As a nascent nerd, two forces shaped my childhood: my Apple IIe and the Star Wars trilogy. Time and again, they converge: when George Lucas and company released the remastered trilogy in 1997, I was tapping away on an overhauled Performa. I saw the first preview for _Episode I: The Phantom Menace_ on my brand-new G3.
These two franchises - Star Wars movies and Apple computers - have more than coincidental timing in common. That preview I mentioned? Really exciting. But I _hated_ the movie. I sat through it, checking off all the reasons I ought to like it: Ewan MacGregor doing an uncanny Alec Guinness impersonation, lush digital worlds like Naboo and Coruscant, excellent light saber battles. Then I realized why I hated _The Phantom Menace_. I was sick of the hype about the technology behind the movie and, more importantly, not very impressed with the results from a viewer's perspective. I don't care how exciting it must be to digitally insert a character if the end result is JarJar Binks.
I have the same vaguely hostile feeling toward OS X. I realize that this amounts to heresy in some circles, but I just can't help it: I've seen OS X, I've read - and edited - reams of articles about it, and I am already sick unto death of references to lickable interfaces and brand-new APIs. The really sad thing is, I haven't even installed a developer's release of OS X. I'm harboring hostility toward a product that I haven't even used.
Part of it is due to simple overexposure: since the year began, I estimate I've read 100 articles about OS X. I don't anticipate seeing less press in the forthcoming months: As OS X moves into beta and application developers iron out the wrinkles in porting their product to a new operating system, I'm sure we'll all see articles announcing each development. It's the nature of technology coverage, and a valuable way to log information you may need later when trying to debug your system.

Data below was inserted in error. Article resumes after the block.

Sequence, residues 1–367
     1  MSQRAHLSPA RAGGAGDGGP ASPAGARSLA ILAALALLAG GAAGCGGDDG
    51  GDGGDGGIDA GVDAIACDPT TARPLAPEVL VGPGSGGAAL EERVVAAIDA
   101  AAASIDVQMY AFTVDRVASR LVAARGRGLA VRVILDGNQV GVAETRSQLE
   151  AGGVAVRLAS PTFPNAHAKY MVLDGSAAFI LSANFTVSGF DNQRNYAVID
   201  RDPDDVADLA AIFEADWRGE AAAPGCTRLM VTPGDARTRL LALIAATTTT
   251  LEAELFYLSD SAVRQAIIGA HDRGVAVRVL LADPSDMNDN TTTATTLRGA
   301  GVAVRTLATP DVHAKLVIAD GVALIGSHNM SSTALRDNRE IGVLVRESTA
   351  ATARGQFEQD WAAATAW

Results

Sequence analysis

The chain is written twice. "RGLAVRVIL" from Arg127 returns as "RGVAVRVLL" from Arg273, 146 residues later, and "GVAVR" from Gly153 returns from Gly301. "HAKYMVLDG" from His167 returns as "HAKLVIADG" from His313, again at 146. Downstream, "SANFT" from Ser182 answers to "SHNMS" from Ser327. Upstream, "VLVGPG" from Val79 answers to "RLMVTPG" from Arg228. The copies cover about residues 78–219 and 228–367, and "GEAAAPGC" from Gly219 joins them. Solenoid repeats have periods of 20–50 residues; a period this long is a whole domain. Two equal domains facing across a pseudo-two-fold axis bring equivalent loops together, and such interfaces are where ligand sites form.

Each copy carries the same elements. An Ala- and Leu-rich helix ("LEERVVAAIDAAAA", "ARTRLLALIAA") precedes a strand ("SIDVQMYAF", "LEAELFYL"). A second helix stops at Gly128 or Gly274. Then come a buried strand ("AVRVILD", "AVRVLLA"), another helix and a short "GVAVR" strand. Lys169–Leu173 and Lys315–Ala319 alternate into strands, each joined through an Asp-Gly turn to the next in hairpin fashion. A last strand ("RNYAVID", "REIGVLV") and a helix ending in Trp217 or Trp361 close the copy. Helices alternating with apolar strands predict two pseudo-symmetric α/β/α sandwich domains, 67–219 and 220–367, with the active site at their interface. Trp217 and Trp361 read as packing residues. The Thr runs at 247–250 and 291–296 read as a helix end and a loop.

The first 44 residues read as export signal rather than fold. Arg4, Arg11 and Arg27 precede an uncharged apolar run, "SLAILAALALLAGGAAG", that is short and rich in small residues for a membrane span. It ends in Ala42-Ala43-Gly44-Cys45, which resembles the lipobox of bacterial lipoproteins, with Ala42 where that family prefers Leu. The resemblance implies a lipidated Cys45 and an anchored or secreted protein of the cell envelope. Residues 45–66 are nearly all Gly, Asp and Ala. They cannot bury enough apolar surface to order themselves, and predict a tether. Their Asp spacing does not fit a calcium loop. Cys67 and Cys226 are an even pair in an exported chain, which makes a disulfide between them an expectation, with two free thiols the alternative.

Information overload is another cause of my OS X hype burnout. After spending the last six years neck-deep in assorted programs and applications, I'm getting to the point where any new technology development had better have a demonstrable benefit before I'll open my arms - and hard drive - to it. Experience isn't the only limiting factor in my information overload: human biology and time also contribute. Owing to my pesky tendency to want to sleep, I'm still learning my way around OS 9.0.4, figuring out what glitches and crashes are my fault and which ones are due to system-software incompatibilities. Can I have a few minutes before commencing to learn a whole new OS? Better yet, can I have a nap?
I guess you could call my OS X burnout "The JarJar Effect." I understand that special effects have been moved into the realm of digital magic, but the clearest example of the technology thus far is JarJar Binks. And frankly, when I look at early OS X interfaces, with the icon bar at the bottom of the screen, I see a parallel: a good idea implemented poorly. Even if the rest of OS X works like a dream, I'm afraid that blasted icon _thing_ will turn me against the operating system, just as JarJar turned me against my beloved Star Wars movies.
The solution to my hype overdose should be to stop reading about OS X for a while. Believe me, if I could, I would, but keeping _au courant_ with Mac news is in my job description. I guess I'm just going to have to hope for the best - and avoid renting _The Phantom Menace_ around January 2001, when the final version of OS X is due out. I'd like to prevent further Apple-Star Wars coincidences.